Clarkson police probe continues despite producer’s plea not to ‘press charges’

North Yorkshire Police say they are still investigating the Jeremy Clarkson ‘fracas’ despite the producer he attacked insisting he does not want to ‘press charges’ against his former colleague.

Friday, 27th March 2015, 3:19 pm
Top Gear producer Oisin Tymon

Oisin Tymon has informed the force he does not want to take any further action against Mr Clarkson, who was this week told his Top Gear contract will not been renewed by the BBC after an angry and lengthy tirade over food at Simonstone Hall, near Hawes.

Mr Tymon’s lawyer, Paul Daniels of Slater and Gordon, today issued a statement in which he said his client “has informed the police that he doesn’t want to press charges”.

But North Yorkshire Police say they are still interviewing guests who saw the attack. Though their investigation is going on without Mr Tymon’s support, Mr Clarkson could still face a public order charge.

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A police spokesman said: “Earlier this week we made contact with Mr Tymon’s lawyers to ask for his views on the incident at Simonstone Hall, and how – as the central person in this matter - he wished us to proceed.

“This morning we received a letter from Mr Tymon’s lawyers indicating that he does not wish the police to pursue an investigation on his behalf. We understand the letter was also issued to the media.

“We are grateful to Mr Tymon for clarifying his position, as we can now take this fully into account. This is North Yorkshire Police’s usual approach.

“We have some final interviews to complete with guests who witnessed the incident as their perspectives also need to be considered.

Top Gear producer Oisin Tymon

“When these conversations are complete, we will issue a statement on our website as appropriate.”

Mr Tymon had his lip split in a 30-second-long assault on March 4 and had to take himself to hospital with his injuries. He was also shouted at by the former Top Gear presenter in a torrent of verbal abuse.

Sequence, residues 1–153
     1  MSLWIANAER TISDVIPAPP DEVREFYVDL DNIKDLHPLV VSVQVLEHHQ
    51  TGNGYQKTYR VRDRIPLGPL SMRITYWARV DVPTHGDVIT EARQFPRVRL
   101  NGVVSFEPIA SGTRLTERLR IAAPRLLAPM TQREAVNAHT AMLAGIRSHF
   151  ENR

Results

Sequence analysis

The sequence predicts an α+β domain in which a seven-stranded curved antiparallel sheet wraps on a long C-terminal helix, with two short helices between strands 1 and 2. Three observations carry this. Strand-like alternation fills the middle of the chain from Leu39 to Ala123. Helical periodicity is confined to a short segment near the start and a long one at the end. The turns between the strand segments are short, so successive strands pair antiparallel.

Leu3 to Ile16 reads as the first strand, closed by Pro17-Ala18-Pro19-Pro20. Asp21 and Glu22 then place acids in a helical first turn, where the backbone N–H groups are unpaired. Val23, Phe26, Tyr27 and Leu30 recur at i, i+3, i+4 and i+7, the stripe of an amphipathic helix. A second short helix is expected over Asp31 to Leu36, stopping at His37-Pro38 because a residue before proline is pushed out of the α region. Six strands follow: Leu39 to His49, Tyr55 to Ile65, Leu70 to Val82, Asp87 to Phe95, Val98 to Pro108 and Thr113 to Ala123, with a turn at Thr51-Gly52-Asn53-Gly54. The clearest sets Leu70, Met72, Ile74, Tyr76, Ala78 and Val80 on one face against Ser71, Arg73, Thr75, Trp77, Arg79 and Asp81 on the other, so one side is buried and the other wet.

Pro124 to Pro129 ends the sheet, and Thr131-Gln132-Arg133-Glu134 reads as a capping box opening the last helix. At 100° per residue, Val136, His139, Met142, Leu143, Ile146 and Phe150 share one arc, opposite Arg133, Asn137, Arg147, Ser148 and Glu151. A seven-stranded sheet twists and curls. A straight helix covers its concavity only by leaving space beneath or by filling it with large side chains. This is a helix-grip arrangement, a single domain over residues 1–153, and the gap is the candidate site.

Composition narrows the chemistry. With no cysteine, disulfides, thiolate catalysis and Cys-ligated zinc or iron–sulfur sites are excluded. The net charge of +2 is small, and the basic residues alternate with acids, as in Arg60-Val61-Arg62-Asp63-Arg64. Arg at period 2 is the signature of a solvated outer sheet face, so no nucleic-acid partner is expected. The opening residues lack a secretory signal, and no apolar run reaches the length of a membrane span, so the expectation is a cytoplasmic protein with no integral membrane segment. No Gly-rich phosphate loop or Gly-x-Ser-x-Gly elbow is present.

Clarkson reported the incident to the BBC five days later and was suspended by the broadcaster on March 10.

Police yesterday said they had “a duty to investigate” the incident and had spoken to potential witnesses.

Jeremy Clarkson arrives at his home in west London

Mr Tymon’s lawyer, Paul Daniels, said: “The events of the last few weeks have been extremely unpleasant for everyone involved. The matter has taken a great toll on Oisin, his family and his friends.

“Quite simply, Mr Tymon just wishes to return now to the job at the BBC he loves, as soon as possible. Further, the BBC have, in his view, taken action with a view to addressing the issues at hand.

“Mr Tymon agrees with the BBC’s stated view that all parties should now be allowed to move on, so far as possible.”

Police could yet bring a charge against 54-year-old Clarkson, although it appears any prosecution would be without the support of the victim himself.


North Yorkshire Police yesterday said they had been contacted by “concerned members of the public”, asking what action they were taking in relation to Clarkson.

The force said in a statement: “No-one who was present at the [Simonstone Hall] Hotel during the incident came forward to report an offence to the police. Nonetheless, we have a duty to investigate where we believe an offence might have been committed, and that is what we have been doing with this case.

“We have already spoken to some people who were in the hotel at the time, but there are still others we need to speak to, who could help us to determine exactly what happened.

“Also, as is usual in these circumstances, we have made contact with Mr Tymon through his lawyers, to ask him to speak to us so we can ascertain how he wishes to pursue this matter.

“When these routine inquiries are completed, we will be able to assess whether or not further action needs to be taken from a police perspective.

“Meanwhile, we’d like to reassure the public that the matter is in hand, and we are dealing with it responsibly and proportionately.’’

Outspoken presenter Clarkson received widespread public support - including from his friend, Prime Minister David Cameron - in the aftermath of the fracas while one million people signed a petition calling for the BBC to reinstate him.

But on Wednesday, BBC director-general Tony Hall announced he would not be renewing Clarkson’s contract, saying ‘’a line has been crossed’’ and that ‘’there cannot be one rule for one and one rule for another’’.

Mr Tymon, who has previously described Clarkson as a “unique talent”, has come under sustained abuse on social media for his involvement in the dispute.

Clarkson refused to answer when asked if he was worried about being arrested yesterday.

Instead, he said: ‘’All I would like to say is, I wish people would leave Ois alone because none of this was his fault.’’

When he was asked what he would like to say to fans who may be upset about him leaving the show, he replied: ‘’Everybody’s upset.’’

Two major companies, Sky and Channel 4, are understood to have ruled out working with Clarkson, while ITV would not comment on ‘’a BBC issue’’.

Chris Evans leads the betting as favourite to take over at the show, even though he has ruled himself out on more than one occasion.